Times are tough all over – school funding is in peril and who knows what'll happen to health care for low-income children. But there is at least one budget item that seems not only safe, but also that the Senate would like to see get a sizable funding boost.
Care to guess which project that might be?
That's right, according to the Senate's draft budget, the infamous Alternatives to Abortion program would get another hefty bump in funding over the next biennium.
The program, started in 2005 as a budget rider offered by Sen. Tommy Williams, R-The Woodlands, is meant to "encourage" women to carry their pregnancies to term. This is not done via any prenatal care, family planning services – or any kind of medical treatment at all, but rather by funding so-called "crisis pregnancy centers" – groups, generally religious in outlook, who provide "counseling" for and link pregnant women to other government-funded programs, like food stamps.
That's right: For the money we spend, we don't exactly get any unduplicated services. Of course that hasn't stopped state lawmakers from actually increasing the budget for the program, from the initial $5 million biennial allocation in 2005, to the $8 million lawmakers gave it in 2009 – a 60% budget increase. And now, according to the Senate's draft budget, the program is deserving of yet another increase, up to a proposed $4.15 million per year over the next two.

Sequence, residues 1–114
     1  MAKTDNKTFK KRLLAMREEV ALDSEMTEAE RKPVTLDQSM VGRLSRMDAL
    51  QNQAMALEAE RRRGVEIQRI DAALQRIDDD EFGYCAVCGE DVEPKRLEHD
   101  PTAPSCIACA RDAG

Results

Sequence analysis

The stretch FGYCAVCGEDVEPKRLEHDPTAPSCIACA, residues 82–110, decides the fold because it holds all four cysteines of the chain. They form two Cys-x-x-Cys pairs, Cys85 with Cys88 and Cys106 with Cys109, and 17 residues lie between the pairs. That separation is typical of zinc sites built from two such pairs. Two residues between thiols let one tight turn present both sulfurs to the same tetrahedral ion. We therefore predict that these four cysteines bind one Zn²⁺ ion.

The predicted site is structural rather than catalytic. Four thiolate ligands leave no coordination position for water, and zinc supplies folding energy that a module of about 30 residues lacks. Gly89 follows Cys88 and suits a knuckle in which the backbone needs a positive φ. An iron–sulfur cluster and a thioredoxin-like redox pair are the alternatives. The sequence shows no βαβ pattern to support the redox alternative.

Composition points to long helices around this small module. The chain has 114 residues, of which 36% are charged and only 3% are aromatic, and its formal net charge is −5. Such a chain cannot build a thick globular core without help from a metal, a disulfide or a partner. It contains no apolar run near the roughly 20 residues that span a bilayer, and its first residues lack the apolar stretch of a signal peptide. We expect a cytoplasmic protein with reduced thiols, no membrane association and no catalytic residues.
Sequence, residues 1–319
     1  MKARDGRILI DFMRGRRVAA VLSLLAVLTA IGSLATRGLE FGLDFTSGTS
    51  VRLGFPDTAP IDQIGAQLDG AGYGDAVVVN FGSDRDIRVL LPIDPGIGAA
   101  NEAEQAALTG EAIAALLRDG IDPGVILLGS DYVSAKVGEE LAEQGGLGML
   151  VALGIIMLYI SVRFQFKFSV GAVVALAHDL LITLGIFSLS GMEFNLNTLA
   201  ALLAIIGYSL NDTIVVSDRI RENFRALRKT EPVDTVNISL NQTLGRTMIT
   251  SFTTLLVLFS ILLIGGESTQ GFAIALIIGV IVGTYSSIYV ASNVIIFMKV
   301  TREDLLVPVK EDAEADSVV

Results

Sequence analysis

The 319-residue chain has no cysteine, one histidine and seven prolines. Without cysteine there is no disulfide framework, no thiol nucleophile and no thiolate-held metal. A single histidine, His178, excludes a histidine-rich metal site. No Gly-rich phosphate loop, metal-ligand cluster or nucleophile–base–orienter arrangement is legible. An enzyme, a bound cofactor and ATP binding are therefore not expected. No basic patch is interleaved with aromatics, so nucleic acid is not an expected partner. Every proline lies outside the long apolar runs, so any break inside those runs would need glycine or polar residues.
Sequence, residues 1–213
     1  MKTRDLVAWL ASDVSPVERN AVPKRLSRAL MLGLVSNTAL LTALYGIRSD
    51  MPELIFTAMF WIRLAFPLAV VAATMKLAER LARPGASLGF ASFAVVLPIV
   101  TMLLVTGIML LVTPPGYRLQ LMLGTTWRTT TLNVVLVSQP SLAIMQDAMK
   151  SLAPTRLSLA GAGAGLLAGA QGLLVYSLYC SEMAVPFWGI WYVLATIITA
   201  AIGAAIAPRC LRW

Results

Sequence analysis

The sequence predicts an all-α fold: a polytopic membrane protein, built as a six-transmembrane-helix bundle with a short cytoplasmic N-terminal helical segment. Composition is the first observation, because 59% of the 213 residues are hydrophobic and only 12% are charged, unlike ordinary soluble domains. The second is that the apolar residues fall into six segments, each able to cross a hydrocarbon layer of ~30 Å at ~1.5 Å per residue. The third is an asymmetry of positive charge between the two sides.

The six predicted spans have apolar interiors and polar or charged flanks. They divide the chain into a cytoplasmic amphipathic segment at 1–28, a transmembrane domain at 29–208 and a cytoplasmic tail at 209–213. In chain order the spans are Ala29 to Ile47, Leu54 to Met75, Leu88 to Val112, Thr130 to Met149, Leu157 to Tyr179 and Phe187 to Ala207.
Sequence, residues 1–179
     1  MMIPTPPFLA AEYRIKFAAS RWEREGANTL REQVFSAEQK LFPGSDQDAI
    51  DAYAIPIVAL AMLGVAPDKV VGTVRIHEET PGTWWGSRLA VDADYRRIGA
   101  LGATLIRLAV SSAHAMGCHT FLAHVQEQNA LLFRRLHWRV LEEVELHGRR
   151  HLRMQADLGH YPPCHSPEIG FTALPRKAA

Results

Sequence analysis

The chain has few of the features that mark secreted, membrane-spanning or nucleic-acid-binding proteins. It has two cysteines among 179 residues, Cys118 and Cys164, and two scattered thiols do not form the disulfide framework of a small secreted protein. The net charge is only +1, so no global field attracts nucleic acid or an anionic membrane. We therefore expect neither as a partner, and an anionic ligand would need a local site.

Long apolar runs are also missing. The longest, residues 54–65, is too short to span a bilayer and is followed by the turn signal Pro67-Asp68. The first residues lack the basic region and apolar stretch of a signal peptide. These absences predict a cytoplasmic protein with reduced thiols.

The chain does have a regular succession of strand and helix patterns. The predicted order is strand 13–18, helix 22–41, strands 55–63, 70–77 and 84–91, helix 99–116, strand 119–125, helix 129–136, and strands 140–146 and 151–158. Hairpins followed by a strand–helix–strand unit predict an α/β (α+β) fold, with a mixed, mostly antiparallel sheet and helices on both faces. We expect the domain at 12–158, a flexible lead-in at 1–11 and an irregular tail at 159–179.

What exactly the program, or its administrator, the Texas Pregnancy Care Network, has done to earn the increase amid such overwhelming budget strife is completely unclear. The group has not done much to meet its own defined goals – or have,over the years, refined said goals to be less specific (as when they eliminated any target number of people to be helped via its toll-free referral system), which makes the outcomes seem much more rosy. And, while a lot of working folks didn't see much of a raise (if any) last year, Vincent Friedewald, TPCN's executive director got a nice $3,100 boost, bringing his salary up to $107,300 for this fiscal year.
Whether this proposed funding boost will get any traction remains to be seen. According to the House's proposed budget, not only would the program not get a boost, but it would be cut altogether, its funding zeroed out.
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